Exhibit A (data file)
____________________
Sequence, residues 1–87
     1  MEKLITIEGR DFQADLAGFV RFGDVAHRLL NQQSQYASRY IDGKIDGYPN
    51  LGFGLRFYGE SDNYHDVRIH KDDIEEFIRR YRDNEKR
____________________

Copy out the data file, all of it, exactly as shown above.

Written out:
Sequence, residues 1–87
     1  MEKLITIEGR DFQADLAGFV RFGDVAHRLL NQQSQYASRY IDGKIDGYPN
    51  LGFGLRFYGE SDNYHDVRIH KDDIEEFIRR YRDNEKR